Drawing, writing and creating often takes place around the dining table or work space. This space should be ergonomic, durable enough for all types of activities and preferably large enough for working with others.

    • Small items
      Small items

      Make sure small items such as magnets, decorative stones, etc. are kept out of reach of children under three years old.

  • Activity Relax and sleep

    Children are always on the go, learning, experimenting and playing.
    But children also need a place where they can sleep or relax and take in their impressions of the day.
    It can be a secure space near the parents, or a place they can call their own, with all their own things.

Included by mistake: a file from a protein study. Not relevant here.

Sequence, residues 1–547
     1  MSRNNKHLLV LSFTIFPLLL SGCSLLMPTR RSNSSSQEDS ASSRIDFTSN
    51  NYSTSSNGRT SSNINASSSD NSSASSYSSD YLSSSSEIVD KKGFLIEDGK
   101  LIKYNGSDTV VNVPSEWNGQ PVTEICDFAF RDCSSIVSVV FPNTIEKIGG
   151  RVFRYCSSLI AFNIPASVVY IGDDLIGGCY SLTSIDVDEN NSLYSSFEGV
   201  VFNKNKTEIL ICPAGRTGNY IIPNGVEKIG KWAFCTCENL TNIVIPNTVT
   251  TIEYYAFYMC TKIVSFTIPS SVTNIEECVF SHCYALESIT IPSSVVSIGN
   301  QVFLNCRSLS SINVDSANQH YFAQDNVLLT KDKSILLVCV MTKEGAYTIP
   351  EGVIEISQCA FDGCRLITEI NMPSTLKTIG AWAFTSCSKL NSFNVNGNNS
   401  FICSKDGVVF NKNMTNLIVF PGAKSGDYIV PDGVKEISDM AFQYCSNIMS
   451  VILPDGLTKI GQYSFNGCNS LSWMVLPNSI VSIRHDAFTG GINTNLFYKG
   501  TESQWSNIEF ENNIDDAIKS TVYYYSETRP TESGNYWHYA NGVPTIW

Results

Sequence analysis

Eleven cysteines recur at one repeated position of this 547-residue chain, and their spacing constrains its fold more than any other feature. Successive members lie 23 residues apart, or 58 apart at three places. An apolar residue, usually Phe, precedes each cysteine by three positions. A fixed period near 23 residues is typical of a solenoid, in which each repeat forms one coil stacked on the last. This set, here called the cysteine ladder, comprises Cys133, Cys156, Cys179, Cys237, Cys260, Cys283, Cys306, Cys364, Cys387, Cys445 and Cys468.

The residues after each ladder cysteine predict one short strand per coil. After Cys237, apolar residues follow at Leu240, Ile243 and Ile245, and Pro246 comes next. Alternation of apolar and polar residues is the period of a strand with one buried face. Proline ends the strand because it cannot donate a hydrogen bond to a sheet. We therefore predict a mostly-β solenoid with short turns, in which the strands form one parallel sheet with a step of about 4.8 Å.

• A bed adapted to their size
      A bed adapted to their size

      Sharing rooms helps children feel safe. Smaller children feel secure in a bed adapted to their size. An extendable bed can be cosy and grow as the child grows bigger.

    • The bed base
      The bed base

      For 0–4 month old babies, place the bed base at a high level. Make the bed with only a sheet, without a pillow or quilt.

    • Only a sheet
      Only a sheet

      From 3-4 months, the baby start to move. For safety lower the bed base to prevent babies falling out of the bed. Make the bed with only a sheet, without a pillow or quilt.

    • With soft toys
      With soft toys

      From 12 to 24 months the bed side can be removed and the child can climb in and out of the bed. Pillows, quilts, blankets and soft toys can now be added in the bed.

    • Free space
      Free space

      About 70 cm of free space in front of a child’s cot is needed to ensure easy cleaning and easy access to the child.

    • Furniture that rocks
      Furniture that rocks